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I know. It sounds melancholy. But I’m not melancholy, and I’m not trying to make you melancholy. I knew I’d eventually get around to writing this story. Because my young friend (more like a nephew) Peter Garami has been making YouTube videos from various songs I recorded with my late wife, Sally Jo Davis.

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Our 1990 award-nominated cassette album, from which this song originates.

We had a folk duo and sometimes trio, called Spirit Ridge. Thus far, Peter and I have made videos from some of the more positive, inspirational songs SJ and I recorded. — Songs I’ve written which have titles like “Walk With A Light Foot”, “Isn’t It Good To Be Alive”, “So Ready To Go, and “There’s A Small Town In Every Big City”. You may have read my blog posts I’ve written about those videos.

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For my next video – this one — I wanted to do something a little edgier. So Peter and I decided to use the now-public domain, practically traditional, African-American blues dirge Sally Jo and I recorded, entitled “One Kind Favor” (aka “See That My Grave Is Kept Clean”). You’ll find the YouTube video embedded here (below). It features my vocals, lead acoustic guitar playing, and some of my original photography. Peter also contributed a photo he took in Hungary; his truly great photo is the last one in the montage.

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Sally Jo Davis. I asked her to look “mysterious”. She succeeded.

The song also features the finger-picked acoustic guitar playing of Sally Jo. Our engineer, Rick Ruskin, who actually recorded with John Fahey, ran her guitar through a chorus unit, to give it a little “FX”. Sally Jo was an excellent finger-picker. When we met, she had a nylon-stringed (classical) guitar. She tried out my steel-stringed acoustic, and found that she really enjoyed finger-picking on it. So she got her own beautiful, vintage Gibson acoustic guitar, which is heard here.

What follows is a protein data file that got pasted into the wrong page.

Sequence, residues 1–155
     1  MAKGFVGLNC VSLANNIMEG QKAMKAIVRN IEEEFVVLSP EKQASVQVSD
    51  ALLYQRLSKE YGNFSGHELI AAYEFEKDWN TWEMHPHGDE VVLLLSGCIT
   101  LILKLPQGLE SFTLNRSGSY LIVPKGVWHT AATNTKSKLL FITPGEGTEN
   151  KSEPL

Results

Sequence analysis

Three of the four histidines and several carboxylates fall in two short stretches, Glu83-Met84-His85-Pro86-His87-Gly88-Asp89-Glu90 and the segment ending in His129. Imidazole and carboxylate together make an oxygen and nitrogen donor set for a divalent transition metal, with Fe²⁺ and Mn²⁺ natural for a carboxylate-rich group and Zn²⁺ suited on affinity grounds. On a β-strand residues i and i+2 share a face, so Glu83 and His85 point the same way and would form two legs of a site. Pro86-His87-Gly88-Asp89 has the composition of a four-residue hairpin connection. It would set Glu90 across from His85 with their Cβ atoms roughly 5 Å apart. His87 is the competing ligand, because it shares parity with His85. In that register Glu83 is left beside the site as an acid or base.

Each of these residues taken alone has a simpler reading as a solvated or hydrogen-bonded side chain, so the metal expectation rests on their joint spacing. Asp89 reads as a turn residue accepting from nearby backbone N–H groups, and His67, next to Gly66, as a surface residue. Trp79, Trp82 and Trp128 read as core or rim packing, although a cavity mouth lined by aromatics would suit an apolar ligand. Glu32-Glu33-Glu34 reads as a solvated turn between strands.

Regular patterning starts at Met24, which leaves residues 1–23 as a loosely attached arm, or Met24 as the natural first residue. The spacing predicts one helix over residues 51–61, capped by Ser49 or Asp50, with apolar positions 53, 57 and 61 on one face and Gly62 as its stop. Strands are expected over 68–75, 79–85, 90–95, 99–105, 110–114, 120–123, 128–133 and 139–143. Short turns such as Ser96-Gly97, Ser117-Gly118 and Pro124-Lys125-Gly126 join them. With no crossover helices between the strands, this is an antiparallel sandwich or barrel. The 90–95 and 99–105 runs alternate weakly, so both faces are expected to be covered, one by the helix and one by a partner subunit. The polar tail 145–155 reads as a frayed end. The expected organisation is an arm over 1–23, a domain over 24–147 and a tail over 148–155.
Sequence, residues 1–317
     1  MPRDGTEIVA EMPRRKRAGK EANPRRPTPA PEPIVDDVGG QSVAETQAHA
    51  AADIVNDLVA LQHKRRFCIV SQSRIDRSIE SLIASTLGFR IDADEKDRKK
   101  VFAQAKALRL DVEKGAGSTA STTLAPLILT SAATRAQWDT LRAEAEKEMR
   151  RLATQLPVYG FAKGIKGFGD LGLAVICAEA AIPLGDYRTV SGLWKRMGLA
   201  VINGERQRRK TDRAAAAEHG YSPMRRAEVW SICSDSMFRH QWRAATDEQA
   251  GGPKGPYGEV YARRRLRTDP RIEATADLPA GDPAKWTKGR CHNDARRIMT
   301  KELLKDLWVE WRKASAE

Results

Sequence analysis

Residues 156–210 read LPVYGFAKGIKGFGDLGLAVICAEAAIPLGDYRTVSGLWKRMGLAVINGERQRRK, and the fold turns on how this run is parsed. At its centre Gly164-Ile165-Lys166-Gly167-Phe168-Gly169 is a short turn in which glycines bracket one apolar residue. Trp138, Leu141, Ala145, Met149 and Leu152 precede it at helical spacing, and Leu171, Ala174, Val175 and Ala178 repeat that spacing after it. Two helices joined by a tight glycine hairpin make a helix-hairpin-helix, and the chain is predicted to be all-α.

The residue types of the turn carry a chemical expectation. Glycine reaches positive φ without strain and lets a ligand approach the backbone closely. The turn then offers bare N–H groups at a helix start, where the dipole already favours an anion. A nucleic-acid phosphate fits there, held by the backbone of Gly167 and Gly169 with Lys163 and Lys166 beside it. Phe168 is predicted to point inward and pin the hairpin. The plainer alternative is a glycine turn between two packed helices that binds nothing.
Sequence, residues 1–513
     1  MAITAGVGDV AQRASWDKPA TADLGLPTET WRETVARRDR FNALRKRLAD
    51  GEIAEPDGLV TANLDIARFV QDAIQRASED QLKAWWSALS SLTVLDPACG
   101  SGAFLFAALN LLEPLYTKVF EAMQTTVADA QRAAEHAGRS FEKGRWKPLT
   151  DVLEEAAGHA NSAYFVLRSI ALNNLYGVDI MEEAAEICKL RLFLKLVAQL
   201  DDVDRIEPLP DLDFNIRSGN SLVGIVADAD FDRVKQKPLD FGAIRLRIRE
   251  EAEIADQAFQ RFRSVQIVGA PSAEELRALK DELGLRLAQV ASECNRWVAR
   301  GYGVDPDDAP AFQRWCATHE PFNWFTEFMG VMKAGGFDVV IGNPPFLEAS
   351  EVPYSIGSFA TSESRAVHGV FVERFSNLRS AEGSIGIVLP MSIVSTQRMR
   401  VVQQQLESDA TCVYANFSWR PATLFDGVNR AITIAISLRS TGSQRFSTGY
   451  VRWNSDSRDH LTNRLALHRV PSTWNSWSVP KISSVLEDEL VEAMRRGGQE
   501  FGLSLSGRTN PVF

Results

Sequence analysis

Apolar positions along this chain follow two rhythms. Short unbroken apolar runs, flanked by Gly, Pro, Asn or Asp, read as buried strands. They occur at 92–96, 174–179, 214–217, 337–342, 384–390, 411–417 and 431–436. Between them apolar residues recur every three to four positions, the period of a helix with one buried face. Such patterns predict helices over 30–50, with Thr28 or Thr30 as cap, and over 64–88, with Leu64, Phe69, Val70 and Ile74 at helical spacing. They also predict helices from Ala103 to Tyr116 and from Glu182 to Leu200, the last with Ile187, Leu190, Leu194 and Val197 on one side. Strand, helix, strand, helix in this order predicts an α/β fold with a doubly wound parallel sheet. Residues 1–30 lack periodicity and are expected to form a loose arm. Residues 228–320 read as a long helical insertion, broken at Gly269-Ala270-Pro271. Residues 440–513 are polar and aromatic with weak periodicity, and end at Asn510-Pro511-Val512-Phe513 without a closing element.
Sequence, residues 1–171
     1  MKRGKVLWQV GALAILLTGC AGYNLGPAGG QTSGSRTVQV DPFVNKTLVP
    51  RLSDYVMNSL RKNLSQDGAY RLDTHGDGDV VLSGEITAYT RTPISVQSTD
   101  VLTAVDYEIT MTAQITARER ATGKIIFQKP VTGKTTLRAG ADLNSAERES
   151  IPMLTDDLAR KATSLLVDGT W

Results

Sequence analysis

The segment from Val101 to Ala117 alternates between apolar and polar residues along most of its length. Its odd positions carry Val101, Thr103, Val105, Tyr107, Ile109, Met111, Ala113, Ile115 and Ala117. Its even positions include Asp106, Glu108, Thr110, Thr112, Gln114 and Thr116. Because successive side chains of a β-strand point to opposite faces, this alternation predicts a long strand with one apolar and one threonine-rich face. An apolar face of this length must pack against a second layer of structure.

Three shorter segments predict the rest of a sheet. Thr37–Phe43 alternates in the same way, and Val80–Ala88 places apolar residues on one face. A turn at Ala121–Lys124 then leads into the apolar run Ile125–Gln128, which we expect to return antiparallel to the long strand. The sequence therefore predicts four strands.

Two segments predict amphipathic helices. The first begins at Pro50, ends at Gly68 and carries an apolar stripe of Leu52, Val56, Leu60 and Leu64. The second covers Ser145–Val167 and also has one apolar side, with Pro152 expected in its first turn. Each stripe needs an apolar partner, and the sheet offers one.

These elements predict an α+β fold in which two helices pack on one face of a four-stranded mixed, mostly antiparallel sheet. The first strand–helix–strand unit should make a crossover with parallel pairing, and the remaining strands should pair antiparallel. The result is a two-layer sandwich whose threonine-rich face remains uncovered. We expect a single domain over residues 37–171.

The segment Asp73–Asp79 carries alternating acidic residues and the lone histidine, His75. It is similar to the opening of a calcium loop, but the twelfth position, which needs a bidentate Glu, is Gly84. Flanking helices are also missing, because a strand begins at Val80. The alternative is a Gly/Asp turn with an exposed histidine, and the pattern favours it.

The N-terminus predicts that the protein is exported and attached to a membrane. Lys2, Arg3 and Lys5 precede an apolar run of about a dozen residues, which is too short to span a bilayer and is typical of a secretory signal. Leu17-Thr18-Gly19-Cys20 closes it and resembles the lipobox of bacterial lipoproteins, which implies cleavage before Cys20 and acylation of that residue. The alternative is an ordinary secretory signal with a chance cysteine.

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The story behind the song: “One Kind Favor” is sung by a dying man (or woman) who asks a person (perhaps his spouse or lover) for a special favor: “When I’m gone, will you see that my grave is kept clean?”

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Canned Heat’s legendary “Living The Blues” LP, featuring “One Kind Favor”.

I heard the song hundreds of times, on a great Canned Heat LP, “Living The Blues”. I loved it; but I never learned how to play it. Then, in the late 1980’s, I heard an acoustic version of the song done by John Hammond, Jr., and I was inspired to learn it. It’s odd: Peter Garami recently sent me a link to a vintage Grateful Dead version; it sounds quite a bit like my version. But I’d never heard their version. – Coincidence…. In order to give him proper credit, let me mention that Blind Lemon Jefferson is said to have originated the song.

In addition to this song about death, Sally Jo and I used to play an old-time/bluegrass tune entitled “The Walls Of Time”. In it, the spouse who has been widowed sings, “I’ll come to you when I die”. In other words, they would be reunited in Heaven. I used to playfully say to SJ that I would do that when she passed. I would wait until it was time for me to come to her. She would always come back with, “You’ll be the first to go, and I’m having you cremated. And there is no Heaven”.